Qassem Soleimani was responsible for the deaths of more Americans than any terrorist leader since Osama Bin Laden. No one should mourn his death. In Iran, however, and certainly without moral equivalence, he was a revered figure like former U.S. Defense Secretary James Mattis, a man who advocated for the troops and was not afraid to mix with them. Inside Iran, he pulled as the most popular or second most popular figure over the course of years. As successive U.S. administrations repeatedly dropped the ball on any informational strategy to accompany the U.S. diplomatic, economic, and military approach, he filled a vacuum which capitalized on Iranian nationalism. He may be the man largely responsible for the deaths of hundreds of thousands in Syria, but Iranians saw him as the man figure who defeated the Islamic State. Many Gulf Arabs interpreted his cultivation of a cult of personality as perhaps the forebearer of a decision to one day seek Iran’s presidency. Those discussions can now, thankfully, be put to rest. But amidst the political cheering, it is imperative to acknowledge how much his death may have changed the operational environment and diplomacy.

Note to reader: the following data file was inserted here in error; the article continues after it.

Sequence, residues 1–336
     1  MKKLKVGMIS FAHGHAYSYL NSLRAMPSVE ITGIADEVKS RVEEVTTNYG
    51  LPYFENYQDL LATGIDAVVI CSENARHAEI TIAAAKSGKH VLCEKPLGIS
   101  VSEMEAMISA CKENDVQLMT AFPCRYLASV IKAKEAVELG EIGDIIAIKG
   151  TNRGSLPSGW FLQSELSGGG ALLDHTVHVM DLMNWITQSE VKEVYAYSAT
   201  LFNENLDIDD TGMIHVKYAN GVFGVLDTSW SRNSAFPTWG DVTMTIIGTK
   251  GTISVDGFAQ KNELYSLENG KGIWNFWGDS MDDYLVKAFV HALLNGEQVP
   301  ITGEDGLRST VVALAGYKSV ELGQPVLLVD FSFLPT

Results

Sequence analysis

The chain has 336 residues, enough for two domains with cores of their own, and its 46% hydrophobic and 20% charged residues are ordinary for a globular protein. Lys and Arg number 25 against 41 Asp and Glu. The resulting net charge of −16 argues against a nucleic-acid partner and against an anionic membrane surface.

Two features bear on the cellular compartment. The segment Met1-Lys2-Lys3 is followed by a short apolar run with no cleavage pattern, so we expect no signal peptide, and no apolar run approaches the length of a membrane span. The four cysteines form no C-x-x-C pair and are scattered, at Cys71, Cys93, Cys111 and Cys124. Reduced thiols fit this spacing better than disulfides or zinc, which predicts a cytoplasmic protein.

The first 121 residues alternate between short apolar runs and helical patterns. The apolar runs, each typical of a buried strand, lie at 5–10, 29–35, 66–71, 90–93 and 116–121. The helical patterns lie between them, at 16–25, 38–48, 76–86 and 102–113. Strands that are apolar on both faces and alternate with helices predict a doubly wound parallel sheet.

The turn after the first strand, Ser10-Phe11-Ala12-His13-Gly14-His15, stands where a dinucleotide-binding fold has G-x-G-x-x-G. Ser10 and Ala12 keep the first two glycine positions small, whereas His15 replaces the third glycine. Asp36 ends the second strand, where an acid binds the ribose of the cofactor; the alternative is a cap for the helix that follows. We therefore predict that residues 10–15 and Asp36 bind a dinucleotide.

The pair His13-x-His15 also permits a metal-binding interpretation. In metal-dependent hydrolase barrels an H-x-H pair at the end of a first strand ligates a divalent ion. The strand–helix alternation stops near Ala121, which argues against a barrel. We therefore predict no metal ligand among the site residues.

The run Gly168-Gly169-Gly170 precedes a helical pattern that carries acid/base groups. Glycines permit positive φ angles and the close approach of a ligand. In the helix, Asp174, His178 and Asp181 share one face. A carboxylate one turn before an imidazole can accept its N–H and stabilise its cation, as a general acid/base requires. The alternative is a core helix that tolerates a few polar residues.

Fear of Retaliation Acknowledges Much More: